As far north as you can go in Scotland without dropping off the end, the landscape of Caithness has a wild, elemental beauty, fringed by spectacular cliff shorelines and sandy beaches. Fertile croft land alternates with moorland and in the centre is the evocatively named Flow Country, the largest wetland expanse of its kind in Europe.
Caithness Self Catering Cottages
Stunning Scenery to Explore
The north coast, consisting of rugged cliffs and magnificent sandy beaches, is battered by the waves from the Atlantic Ocean and Pentland Firth and is internationally acclaimed as a challenging surfing venue. The inland area features low-lying grasslands smattered with lochs, rivers and hills reaching 200 metres - popular for fishing and shooting. It is a sparsely populated area, mainly restricted to the small villages along the route of the A837 with Thurso being the main town in the area.
The area is famous for its bird life and sea life in the surrounding waters, where you may see dolphins, seals and even whales.
John o'Groats is famous for being the starting point for sponsored walks and cycle runs to Land's End at the south western tip of England but has little appeal for visitors other than its views to Orkney and boat trips to view the bird colonies and seals. 2 miles to the east is Duncansby Head with dramatic cliffs where many seabirds nest, craggy inlets and the 60 metre high rock Muckle Stack.
About 8 miles to the west is Castle Mey, the former home of the late Queen Mother, open to the public and with an interesting walled garden. Dunnet Head, about 7 miles to the north west, is the most northerly point of Scotland and Dunnet Bay a couple of miles south, has an amazing long sandy beach (a popular surfing venue) with dunes and nature trails into the forest.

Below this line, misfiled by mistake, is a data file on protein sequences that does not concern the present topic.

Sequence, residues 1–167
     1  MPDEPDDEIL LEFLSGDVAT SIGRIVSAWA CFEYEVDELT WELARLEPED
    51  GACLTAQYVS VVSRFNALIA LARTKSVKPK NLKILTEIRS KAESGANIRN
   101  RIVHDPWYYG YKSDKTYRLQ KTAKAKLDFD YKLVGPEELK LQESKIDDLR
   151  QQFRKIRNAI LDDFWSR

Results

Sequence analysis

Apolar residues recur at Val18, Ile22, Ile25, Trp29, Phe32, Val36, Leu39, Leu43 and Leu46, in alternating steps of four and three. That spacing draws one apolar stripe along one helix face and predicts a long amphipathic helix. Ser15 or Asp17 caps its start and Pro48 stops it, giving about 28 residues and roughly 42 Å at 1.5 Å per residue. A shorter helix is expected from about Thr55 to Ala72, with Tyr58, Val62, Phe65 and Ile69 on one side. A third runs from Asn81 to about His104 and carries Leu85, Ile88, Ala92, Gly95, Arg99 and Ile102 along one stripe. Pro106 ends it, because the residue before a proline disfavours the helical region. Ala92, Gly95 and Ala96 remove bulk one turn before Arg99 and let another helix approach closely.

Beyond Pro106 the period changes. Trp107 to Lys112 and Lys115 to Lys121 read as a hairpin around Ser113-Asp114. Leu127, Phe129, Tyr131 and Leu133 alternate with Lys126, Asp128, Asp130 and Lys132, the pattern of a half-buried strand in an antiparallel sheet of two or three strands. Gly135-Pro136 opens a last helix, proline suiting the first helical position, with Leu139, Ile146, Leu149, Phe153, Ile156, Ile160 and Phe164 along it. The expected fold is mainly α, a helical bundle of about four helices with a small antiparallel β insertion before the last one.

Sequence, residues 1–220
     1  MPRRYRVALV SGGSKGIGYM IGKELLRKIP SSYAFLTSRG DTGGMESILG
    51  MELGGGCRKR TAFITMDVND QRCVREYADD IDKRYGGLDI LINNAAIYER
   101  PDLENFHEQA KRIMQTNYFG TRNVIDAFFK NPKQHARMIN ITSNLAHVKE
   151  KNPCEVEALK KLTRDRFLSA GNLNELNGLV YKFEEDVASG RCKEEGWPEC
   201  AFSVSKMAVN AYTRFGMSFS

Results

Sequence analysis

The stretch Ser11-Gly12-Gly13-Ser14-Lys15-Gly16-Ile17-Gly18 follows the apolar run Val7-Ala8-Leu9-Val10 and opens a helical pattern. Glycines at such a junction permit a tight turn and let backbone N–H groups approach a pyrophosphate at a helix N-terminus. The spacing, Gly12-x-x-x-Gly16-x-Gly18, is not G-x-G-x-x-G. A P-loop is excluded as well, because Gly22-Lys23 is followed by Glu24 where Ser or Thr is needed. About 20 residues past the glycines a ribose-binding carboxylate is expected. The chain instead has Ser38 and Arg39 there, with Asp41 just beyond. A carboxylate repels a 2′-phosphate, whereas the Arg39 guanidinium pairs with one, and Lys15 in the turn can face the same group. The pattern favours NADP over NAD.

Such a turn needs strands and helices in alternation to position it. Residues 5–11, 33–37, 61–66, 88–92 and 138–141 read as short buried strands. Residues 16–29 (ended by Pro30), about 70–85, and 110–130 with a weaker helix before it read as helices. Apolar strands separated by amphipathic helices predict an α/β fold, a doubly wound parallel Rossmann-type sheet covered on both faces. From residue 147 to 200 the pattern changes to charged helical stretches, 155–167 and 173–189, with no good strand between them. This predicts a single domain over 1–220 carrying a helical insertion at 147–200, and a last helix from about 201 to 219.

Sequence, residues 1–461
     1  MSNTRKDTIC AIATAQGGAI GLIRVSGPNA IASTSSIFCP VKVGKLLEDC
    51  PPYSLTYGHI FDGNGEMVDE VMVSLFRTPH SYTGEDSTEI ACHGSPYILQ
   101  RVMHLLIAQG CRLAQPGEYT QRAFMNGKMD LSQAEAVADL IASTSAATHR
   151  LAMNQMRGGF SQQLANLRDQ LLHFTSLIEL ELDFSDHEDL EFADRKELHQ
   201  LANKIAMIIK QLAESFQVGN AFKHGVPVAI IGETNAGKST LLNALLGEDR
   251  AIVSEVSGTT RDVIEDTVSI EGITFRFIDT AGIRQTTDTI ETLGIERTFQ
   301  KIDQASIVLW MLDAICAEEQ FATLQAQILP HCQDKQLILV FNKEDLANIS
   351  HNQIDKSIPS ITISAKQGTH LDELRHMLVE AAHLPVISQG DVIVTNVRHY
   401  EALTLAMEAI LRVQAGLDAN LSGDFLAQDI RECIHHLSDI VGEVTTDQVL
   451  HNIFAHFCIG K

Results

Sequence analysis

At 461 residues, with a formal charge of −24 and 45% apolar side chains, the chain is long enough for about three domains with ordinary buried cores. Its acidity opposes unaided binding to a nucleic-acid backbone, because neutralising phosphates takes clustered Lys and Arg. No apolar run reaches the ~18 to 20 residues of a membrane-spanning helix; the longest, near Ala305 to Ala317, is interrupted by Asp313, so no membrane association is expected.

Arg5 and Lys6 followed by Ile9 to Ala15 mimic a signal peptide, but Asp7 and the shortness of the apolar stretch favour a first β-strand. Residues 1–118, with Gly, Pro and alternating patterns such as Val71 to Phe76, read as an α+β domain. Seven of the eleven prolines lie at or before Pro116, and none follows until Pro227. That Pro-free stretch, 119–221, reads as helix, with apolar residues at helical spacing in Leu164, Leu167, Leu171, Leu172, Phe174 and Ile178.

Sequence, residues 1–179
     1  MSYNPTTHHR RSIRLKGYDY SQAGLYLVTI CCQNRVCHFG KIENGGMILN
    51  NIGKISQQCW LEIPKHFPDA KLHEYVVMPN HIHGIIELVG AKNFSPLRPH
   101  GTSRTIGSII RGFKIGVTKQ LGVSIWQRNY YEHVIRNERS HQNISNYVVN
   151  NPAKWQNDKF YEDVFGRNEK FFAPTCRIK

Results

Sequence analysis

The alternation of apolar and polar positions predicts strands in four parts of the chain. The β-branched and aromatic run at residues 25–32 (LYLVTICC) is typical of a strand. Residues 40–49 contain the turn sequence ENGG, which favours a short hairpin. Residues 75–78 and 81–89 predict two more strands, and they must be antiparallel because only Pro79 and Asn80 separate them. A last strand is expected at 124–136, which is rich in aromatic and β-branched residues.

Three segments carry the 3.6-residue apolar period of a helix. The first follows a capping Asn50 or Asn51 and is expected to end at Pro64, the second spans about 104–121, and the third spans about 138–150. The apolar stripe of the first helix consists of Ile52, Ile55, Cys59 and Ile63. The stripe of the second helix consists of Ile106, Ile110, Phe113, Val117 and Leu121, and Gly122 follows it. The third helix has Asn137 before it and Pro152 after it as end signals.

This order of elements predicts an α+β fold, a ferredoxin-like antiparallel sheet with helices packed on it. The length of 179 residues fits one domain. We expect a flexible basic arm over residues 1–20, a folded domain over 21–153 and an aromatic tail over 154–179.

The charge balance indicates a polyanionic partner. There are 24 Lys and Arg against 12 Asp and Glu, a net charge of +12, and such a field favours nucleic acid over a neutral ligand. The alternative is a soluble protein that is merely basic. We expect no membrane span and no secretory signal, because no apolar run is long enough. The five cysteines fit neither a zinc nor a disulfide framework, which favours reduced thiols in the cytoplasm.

Thurso is Scotland's most northerly town, where the A9 from the south meets the A836 which runs along the north coast. Attractions in the town include the Thurso Heritage Museum and the ruins of the 13th century Old St Peter's Church but the area has excellent surfing beaches. Scrabster, a mile to the west, is the ferry terminal for Orkney. Dounreay Nuclear Power Station Visitor Centre is 10 miles west of Thurso.
17 miles south Wick, which was originally a Viking settlement, has a fascinating Heritage Centre which focuses on the local fishing industry and an interesting photographic collection. There are two castles on the cliffs near Wick: the ruins of the 12th century Old Wick Castle to the south and Castle Sinclair to the north.
The 80 miles of mostly single tracked road from Thurso to Tongue travels through some stunning coastland scenery and sandy beaches, for example Melvich, Bettyhill (part of which is the Invernaver Nature Reserve) and Coldbackie. At Forsinard, 15 miles south of Melvich on the A897, there is a RSPB visitor centre and a Peatland Centre. Tongue has a magnificent setting overlooking the Kyle of Tongue with the mountains to the south and is dominated by the ruins of the 14th century Castle Varrich. About 10 miles to the west is Loch Eriboll, a stunning, deep sea loch surrounded by 800 metre-high mountains and minke whales, porpoises and seals can often be seen in the loch.